|Sharks jaws (C. megalodon at right)|
Florida Museum of Natural History
03 March 2014
23 February 2014
|Conditions in what locals routinely assured|
me was the coldest Florida winter in ages
The State of Florida (Bronze)
|Sunset with gator, Lake Alice|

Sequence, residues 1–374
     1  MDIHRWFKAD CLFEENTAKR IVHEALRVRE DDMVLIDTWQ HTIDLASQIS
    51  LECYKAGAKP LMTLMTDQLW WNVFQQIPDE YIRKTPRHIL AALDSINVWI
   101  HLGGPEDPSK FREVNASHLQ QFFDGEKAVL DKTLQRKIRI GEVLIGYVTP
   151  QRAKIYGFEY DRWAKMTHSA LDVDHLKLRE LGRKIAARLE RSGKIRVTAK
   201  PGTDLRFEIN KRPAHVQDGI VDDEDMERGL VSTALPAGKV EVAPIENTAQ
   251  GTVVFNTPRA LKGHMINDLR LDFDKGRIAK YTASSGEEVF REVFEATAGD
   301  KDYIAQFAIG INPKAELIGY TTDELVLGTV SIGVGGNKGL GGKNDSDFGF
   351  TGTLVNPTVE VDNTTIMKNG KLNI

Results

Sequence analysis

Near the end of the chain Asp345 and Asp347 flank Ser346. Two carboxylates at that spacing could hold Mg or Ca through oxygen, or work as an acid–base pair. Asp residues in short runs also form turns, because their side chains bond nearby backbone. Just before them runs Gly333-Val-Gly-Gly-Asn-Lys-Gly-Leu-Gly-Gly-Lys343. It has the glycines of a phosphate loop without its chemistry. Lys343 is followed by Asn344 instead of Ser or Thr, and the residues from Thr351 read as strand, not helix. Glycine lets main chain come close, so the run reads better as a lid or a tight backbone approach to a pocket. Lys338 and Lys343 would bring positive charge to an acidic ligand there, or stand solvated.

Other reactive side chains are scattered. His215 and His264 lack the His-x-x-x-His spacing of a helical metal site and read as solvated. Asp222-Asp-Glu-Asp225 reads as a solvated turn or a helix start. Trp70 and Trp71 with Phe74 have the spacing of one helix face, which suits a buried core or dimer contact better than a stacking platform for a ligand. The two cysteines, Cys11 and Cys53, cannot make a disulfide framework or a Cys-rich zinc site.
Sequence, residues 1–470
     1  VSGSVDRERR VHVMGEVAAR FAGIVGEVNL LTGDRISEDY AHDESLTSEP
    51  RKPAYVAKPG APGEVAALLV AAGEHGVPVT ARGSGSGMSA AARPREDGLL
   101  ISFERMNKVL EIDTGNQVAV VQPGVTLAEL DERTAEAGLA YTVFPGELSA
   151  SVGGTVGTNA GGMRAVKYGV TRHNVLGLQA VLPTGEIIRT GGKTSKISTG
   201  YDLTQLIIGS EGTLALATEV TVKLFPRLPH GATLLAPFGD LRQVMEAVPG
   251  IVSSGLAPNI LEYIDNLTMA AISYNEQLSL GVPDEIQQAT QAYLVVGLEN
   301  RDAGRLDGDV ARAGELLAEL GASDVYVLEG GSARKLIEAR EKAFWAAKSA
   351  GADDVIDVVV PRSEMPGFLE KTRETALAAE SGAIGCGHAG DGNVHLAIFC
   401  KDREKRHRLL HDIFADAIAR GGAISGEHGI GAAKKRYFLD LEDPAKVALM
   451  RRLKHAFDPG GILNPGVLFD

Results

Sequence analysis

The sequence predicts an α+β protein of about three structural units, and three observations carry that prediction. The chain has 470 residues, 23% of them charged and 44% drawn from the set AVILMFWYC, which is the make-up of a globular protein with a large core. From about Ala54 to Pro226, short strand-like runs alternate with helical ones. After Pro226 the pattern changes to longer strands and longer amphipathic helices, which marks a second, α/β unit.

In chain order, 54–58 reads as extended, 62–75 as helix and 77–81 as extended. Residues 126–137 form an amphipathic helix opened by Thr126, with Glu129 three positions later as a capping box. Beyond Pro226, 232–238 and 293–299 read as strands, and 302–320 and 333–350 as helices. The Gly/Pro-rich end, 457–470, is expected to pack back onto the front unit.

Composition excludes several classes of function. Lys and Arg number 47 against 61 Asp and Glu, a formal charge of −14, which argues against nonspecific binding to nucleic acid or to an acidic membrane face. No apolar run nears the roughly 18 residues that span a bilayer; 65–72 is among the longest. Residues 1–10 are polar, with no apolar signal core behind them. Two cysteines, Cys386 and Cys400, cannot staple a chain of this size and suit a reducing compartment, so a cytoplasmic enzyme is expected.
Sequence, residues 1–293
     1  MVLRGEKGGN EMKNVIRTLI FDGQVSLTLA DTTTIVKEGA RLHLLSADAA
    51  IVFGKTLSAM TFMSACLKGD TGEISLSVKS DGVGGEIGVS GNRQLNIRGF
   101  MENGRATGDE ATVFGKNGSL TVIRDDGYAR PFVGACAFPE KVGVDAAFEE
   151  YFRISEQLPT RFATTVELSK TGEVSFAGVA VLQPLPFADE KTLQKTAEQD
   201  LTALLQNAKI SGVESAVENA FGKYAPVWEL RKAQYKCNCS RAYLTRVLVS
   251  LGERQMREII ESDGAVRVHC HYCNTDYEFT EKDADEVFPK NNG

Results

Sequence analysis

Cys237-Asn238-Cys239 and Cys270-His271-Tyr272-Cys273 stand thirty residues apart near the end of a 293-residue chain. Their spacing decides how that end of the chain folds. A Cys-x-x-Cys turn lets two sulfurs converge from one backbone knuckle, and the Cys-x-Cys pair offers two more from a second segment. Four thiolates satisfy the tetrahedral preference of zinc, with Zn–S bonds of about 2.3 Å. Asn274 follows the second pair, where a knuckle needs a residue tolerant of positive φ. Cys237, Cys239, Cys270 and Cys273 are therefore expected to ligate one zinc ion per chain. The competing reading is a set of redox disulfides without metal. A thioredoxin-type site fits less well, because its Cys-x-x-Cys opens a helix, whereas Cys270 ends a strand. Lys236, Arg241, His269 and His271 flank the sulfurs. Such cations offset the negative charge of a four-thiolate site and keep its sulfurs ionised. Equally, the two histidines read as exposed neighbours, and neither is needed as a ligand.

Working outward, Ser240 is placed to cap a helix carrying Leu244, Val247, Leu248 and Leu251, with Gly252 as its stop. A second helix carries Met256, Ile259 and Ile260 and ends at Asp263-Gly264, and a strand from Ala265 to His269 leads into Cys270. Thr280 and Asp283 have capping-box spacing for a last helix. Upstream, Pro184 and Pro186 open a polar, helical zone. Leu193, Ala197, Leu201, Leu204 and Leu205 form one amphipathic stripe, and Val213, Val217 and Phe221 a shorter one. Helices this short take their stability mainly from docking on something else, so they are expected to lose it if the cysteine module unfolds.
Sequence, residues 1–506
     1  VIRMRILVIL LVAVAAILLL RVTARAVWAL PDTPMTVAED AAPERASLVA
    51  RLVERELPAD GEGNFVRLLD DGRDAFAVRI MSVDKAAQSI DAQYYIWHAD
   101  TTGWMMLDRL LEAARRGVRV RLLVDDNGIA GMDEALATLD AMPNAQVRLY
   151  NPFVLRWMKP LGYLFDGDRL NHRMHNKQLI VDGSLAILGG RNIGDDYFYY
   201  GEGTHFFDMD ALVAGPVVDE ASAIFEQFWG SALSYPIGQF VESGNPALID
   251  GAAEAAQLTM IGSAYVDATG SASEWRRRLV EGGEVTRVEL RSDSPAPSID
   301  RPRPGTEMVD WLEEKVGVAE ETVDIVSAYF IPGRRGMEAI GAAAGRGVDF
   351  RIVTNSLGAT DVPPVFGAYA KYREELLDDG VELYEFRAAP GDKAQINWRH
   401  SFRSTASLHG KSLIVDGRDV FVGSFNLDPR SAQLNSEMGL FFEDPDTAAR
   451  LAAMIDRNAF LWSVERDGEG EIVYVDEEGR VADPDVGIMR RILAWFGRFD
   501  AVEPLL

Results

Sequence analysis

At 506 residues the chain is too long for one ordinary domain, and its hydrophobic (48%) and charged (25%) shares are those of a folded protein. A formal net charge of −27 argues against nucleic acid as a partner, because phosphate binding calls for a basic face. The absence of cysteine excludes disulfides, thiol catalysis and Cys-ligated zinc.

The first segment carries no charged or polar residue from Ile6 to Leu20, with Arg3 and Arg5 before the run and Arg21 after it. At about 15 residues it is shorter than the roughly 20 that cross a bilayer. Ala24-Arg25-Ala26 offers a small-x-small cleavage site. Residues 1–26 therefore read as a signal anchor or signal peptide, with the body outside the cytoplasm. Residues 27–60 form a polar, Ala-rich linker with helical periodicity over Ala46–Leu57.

With all the development that has occurred in parts of Florida and a general lack of topography, it's easy to overlook the fact that the Sunshine State remains one of the great natural areas in North America. Florida wildlife is truly spectacular, which makes it a perfect place for a convention of natural scientists. The host hotel was buzzed by flocks of ibis, vultures, and sandhill cranes, while the pond just across the street was home to a little blue heron that seemed to be very fond of displaying its fish-spearing prowess. I made a couple of trips further into the UF campus, to Lake Alice, where nature puts on such a great show around sunset that you can't help but wonder why anyone ever bothered to build Disney World. Large flocks of waterfowl roost at the lake and return to their trees at dusk, just as the healthy population of alligators (and a few massive soft-shelled turtles) move to within a few feet of shore. The University maintains a colony of Mexican free-tailed bats nearby, and while watching them emerge from the bat houses is spectacular in and of itself, the local red-tailed hawks have figured out that the colony represents a chiropteran smörgåsbord, and the aerial show put on by the raptors and their evasive prey is "red in tooth and claw" nature at its finest. The fossil record of the state is no less impressive. The planners of NAPC took advantage of this by running several field trips to sites throughout the state. I was only able to go on one of these, to a phosphate mine east of Tampa that was rich in shark and ray teeth, dugong ribs, and even a few scattered horses molars. From what I heard of the other trips, they were equally productive, underscoring just how many fossils you can find when you work in a state composed entirely of sedimentary rocks. Of course, the classic allure of Florida is its climate, which was, for the most part, a wonderful distraction from the record-cold temperatures that we've been enduring in much of the country. Ironically, though, it's weather that hurt Florida in the final reckoning, as many flights down were delayed or cancelled due to snow in neighboring states and those of us that stuck around for a few days after the conference were treated to a spectacular and delay-inducing thunderstorm system (that, for the first time, allowed me to experience the pure terror of a zero-second delay between lightning bolt and thunderclap). However, even the arrival and departure chaos had a silver lining, at least for me. My flight down was cancelled and I was rerouted to Tampa, which gave me the opportunity to drive up the Gulf Coast past Crystal River, home of the largest concentration of manatees in the world and a display of cooperative hunting of mullet by dolphins and pelicans that made Gainesville's hawks look like amateurs. As far as the delay in my return to Iowa, well, any day not spent in the snow is a worthwhile one in my book.